This weekend, 60 years after his death, Locke is finally being given a permanent resting place in Capitol Hill’s Congressional Cemetery, where a polished-granite gravestone will sit across from the sandstone cenotaphs honoring early members of Congress and adjacent to the first director of the Smithsonian’s National Museum of African Art, Warren Robbins.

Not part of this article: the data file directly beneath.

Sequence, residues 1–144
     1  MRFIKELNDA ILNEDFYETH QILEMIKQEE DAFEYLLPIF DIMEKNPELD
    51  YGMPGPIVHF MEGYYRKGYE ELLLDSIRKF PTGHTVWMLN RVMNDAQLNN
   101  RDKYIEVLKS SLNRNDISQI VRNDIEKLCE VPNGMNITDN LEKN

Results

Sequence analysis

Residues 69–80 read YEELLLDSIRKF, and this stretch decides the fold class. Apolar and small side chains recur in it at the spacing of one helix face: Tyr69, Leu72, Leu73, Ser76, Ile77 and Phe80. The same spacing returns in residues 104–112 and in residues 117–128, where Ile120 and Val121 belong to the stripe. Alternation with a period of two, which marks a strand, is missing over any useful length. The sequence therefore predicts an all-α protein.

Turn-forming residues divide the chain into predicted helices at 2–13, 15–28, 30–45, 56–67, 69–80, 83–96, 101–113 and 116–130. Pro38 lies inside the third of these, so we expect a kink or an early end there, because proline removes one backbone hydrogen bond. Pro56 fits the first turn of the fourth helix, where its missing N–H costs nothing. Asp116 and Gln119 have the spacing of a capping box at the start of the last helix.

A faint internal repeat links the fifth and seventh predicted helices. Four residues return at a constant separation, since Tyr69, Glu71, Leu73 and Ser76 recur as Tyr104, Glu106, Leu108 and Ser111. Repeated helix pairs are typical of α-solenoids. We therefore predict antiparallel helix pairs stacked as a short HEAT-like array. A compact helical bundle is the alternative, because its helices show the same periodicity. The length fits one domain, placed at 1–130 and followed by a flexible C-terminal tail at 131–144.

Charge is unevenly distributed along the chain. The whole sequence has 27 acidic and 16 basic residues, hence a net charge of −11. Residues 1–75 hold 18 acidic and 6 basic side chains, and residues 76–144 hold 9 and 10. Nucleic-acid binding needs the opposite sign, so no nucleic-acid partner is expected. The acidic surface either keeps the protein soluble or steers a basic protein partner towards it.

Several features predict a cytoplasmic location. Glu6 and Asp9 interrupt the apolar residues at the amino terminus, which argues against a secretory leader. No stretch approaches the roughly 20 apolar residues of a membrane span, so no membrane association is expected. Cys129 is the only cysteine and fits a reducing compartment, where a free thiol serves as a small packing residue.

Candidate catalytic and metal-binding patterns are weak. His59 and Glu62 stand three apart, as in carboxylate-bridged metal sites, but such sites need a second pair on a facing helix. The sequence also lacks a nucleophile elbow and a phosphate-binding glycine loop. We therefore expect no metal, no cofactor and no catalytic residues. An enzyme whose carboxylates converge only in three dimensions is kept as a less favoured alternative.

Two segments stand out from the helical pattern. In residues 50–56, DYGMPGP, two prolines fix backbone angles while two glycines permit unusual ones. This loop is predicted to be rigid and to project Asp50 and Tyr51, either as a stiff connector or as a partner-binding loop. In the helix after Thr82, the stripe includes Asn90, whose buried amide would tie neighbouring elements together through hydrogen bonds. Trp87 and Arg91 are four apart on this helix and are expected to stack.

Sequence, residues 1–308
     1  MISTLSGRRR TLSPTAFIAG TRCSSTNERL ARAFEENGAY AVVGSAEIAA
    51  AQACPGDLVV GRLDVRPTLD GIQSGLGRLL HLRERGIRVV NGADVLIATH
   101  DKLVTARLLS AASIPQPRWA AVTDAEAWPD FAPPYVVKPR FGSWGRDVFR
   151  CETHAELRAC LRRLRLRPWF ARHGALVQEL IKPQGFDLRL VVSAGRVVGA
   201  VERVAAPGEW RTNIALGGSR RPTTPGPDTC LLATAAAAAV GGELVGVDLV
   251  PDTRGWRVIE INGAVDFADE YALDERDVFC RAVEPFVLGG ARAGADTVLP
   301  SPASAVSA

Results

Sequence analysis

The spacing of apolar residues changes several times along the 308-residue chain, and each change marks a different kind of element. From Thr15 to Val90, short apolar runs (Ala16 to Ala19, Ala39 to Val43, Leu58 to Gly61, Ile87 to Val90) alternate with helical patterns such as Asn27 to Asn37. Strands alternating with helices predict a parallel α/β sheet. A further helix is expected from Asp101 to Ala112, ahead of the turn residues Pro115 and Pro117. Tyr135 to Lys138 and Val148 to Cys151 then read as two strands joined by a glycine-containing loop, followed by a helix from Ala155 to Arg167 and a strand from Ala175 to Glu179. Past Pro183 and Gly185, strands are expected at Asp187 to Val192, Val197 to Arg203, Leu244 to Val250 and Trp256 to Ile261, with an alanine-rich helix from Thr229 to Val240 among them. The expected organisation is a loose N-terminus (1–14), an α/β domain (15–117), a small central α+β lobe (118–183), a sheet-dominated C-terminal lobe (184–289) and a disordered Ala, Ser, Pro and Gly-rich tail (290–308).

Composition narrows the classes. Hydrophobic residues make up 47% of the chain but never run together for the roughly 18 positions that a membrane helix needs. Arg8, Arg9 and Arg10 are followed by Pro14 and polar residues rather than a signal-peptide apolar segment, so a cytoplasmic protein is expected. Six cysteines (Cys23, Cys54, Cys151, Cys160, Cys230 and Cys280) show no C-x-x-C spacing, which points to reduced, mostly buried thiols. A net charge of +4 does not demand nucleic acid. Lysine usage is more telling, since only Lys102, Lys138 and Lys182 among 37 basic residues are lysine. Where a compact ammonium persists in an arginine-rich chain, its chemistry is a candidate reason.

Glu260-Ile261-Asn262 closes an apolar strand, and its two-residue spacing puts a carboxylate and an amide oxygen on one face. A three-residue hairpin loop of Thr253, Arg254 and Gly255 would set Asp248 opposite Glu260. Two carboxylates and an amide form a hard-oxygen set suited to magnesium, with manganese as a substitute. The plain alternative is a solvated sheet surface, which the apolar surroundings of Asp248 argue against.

Alain Locke is known as the “father of the Harlem Renaissance” and as an important, if too often neglected, figure in American pragmatism. He was chairman of philosophy at Howard University and the first African American Rhodes scholar. He was also gay, black, and short, and as a result faced numerous professional obstacles. In a 1949 note he writes, “Had I been born in ancient Greece I would have escaped the first [homophobia]; in Europe I would have been spared the second [U.S. racial segregation policies]; in Japan I would have been above rather than below average [height].” The story is in The Washington Post Magazine.